Tuesday, April 14, 2009
Owling near Apsley
Last night between 8:30 pm and 11:30 pm I monitored our Ontario Nocturnal Owl Survey route, east of Apsley. Ours is one of about 300 such routes in the province which are attended by volunteers co-ordinated by Bird Studies Canada. The protocol is simple. Over a 12 minute period at each of ten stops we listen for owls before and after we broadcast calls of Barred and Boreal Owls - we're told that the Boreal Owl call elicits calls from the closely related Saw-whet Owl.
Participants also collect data on other crepuscular/nocturnal animals including calling amphibians and courting Wilson's Snipe, American Woodcock and Ruffed Grouse. Each route is monitored on one evening each April, a month when owls are most likely to exhibit territorial behaviour. The data are compiled by Bird Studies Canada and provide a means of monitoring changes in owl populations over the long term. The Ontario survey began in 1995. This was our third year on this particular route.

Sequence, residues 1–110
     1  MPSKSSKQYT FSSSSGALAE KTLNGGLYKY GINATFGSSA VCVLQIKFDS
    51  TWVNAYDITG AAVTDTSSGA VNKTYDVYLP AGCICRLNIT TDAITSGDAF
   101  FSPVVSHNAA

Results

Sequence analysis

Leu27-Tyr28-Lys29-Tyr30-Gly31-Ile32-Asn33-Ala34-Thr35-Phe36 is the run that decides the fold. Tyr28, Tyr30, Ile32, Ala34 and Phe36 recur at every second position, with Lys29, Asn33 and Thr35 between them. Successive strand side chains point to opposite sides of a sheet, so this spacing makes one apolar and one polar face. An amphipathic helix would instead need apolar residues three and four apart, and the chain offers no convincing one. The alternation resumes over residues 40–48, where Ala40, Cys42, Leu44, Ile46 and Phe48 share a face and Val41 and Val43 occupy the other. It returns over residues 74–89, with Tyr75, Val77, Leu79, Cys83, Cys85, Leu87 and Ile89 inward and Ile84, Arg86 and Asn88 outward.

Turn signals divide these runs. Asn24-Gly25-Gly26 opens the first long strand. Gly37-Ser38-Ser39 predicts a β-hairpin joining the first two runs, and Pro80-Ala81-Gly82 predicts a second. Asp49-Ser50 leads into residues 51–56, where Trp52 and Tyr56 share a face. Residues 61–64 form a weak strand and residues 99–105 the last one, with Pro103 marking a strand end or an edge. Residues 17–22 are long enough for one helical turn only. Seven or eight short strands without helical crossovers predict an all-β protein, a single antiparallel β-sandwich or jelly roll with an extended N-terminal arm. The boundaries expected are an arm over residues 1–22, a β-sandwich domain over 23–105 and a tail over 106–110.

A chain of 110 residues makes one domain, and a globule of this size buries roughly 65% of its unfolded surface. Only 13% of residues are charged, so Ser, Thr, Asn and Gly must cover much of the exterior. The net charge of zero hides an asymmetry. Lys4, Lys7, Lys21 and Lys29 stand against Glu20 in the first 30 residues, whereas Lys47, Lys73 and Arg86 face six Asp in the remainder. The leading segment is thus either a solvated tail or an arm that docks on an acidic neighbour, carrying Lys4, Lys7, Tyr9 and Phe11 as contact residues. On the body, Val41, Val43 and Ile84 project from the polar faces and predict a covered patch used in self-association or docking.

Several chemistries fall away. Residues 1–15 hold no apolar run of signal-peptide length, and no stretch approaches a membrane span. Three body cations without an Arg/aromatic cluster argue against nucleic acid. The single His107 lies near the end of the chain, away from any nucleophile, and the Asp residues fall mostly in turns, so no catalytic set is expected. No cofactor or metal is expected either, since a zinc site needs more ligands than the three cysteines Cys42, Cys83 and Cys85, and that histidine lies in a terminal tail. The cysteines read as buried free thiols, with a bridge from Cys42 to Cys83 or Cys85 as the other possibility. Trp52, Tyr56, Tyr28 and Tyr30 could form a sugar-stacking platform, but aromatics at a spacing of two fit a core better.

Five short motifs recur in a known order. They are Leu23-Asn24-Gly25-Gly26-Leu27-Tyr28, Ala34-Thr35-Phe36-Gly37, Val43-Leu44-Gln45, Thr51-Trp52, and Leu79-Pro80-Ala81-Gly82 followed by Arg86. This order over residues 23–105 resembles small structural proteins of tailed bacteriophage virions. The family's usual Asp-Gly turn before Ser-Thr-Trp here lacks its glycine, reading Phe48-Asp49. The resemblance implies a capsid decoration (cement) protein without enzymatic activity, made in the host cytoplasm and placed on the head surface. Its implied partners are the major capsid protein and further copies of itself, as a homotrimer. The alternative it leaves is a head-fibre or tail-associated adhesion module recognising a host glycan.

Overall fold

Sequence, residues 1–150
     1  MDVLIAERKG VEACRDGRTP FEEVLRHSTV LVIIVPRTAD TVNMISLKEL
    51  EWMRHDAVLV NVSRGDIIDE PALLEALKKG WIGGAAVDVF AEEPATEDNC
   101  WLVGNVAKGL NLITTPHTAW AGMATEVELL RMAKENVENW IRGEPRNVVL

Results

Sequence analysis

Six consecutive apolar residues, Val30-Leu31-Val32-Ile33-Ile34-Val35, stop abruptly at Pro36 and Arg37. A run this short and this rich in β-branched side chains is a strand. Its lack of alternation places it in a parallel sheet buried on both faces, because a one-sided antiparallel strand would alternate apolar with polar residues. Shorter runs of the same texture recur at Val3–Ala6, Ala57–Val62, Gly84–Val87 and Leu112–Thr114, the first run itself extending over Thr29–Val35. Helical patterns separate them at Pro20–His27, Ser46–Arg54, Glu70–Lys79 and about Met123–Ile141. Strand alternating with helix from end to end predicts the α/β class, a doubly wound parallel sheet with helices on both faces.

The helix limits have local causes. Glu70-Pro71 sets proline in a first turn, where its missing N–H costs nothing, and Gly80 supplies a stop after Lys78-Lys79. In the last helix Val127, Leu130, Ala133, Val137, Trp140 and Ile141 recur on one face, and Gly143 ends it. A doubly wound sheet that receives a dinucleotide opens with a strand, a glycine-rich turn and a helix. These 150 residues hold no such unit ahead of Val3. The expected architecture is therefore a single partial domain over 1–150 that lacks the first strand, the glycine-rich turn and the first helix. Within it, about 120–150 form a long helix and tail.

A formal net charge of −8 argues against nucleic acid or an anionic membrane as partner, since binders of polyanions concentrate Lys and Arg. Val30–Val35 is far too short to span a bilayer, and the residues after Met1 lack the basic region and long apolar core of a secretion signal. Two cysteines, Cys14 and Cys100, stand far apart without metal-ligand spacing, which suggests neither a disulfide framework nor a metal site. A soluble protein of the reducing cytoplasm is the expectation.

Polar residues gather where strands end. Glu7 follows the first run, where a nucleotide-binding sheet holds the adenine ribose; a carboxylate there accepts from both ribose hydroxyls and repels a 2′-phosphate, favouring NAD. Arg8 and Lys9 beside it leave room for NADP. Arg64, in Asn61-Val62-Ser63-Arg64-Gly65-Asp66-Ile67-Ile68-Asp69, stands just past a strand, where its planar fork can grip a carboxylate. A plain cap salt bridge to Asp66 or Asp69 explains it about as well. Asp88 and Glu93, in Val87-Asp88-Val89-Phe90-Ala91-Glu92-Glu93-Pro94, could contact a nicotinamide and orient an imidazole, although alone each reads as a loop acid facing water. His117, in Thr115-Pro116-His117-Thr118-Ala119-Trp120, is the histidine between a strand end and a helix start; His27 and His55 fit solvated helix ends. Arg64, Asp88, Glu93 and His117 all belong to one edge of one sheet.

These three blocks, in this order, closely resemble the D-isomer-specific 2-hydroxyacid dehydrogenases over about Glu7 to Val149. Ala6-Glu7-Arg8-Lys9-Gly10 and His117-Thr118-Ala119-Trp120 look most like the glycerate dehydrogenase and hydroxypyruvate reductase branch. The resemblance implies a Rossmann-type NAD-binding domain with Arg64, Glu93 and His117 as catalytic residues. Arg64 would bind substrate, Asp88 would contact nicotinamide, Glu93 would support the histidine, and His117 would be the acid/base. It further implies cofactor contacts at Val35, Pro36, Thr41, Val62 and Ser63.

The cold night air depressed the frog chorus and made it easier to listen for owls. At three of the ten stations along the 20 km route a pair of Barred Owls responded aggressively to the recordings. The birds flew to trees within 30 metres of the car and energetically declared their territory. The photo above shows one of the birds that we encountered at our first stop. At a fourth stop, a single nearby Great Horned Owl hooted before and after we played the calls of the other species. We didn't hear any Saw-whet Owls calling this year. In past years Saw-whets have been heard on the last leg of this route.
This was the first year we didn't hear any snipe, woodcock or grouse although I did see a lone Ruffed Grouse at the roadside as I drove to the first station, a few minutes before sunset. The only amphibian I heard was a single Spring Peeper.